Pergolide mesylate (Prascend®) is a medication used to treat horses with pituitary pars intermedia dysfunction (PPID), previously referred to as Equine Cushing’s disease.

This common endocrine disorder, typically observed in older horses, can cause tendon and ligament breakdown, abdominal wall weakness, tooth loosening, depressed immune function, altered temperature regulation, increased coat length, poor shedding, and insulin resistance with laminitis.

It is estimated that between 20 and 30% of horses and ponies develop PPID by the time they are 20 years old. PPID is progressive and neurodegenerative, resulting in serious complications without proper management. [1]

While there is no known cure for PPID, its symptoms can be managed with medication and proper care. According to research, 75 – 100% of horses with PPID that are treated with pergolide experience an improvement in symptoms. [2][3]

Prascend® is the only FDA-approved treatment for horses with PPID. [1][4] If your horse has been diagnosed PPID, consult with your veterinarian to determine if Prascend® is appropriate treatment.

Pergolide Mesylate (Prascend®) for Horses

Prascend® is a brand name for the medication pergolide mesylate, manufactured by Boehringer Ingelheim Vetmedica. It is available in tablet form and is administered orally to horses with Pituitary Pars Intermedia Dysfunction (PPID) .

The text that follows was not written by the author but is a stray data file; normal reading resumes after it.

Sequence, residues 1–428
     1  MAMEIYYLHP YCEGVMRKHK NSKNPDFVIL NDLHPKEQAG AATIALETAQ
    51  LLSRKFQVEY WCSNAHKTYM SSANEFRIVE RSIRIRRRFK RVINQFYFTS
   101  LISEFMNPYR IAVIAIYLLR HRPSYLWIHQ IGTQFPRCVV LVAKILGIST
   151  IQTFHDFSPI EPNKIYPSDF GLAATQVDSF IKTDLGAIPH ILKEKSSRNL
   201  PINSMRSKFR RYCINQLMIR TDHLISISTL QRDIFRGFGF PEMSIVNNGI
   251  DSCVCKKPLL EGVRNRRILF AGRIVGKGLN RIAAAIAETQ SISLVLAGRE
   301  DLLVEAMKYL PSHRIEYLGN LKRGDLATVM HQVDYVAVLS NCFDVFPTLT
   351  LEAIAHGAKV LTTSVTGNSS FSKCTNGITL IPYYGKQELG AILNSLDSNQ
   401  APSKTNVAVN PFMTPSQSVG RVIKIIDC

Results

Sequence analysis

Pergolide mesylate is derived from ergotamine, a natural compound present in the ergot fungus (Claviceps purpurea). This drug acts as a dopamine agonist, binding to receptors on neurons and increasing dopaminergic activity in the brain. [5]

By mimicking the effects of dopamine, pergolide counteracts some of the effects of PPID and inhibits the excessive release of adrenocorticotropic hormone (ACTH), beta-endorphin and melanocyte stimulating hormone as well as their intermediates. This can minimize symptoms and slow disease progression. [1]

Clinical trials show that pergolide promotes normal hair growth and alleviates muscle wasting in affected horses. This drug also helps to increase energy levels and improves body condition in horses with PPID. [6]

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Pergolide for Horses with PPID

Pergolide offers significant benefits in managing horses with PPID and improving their well-being.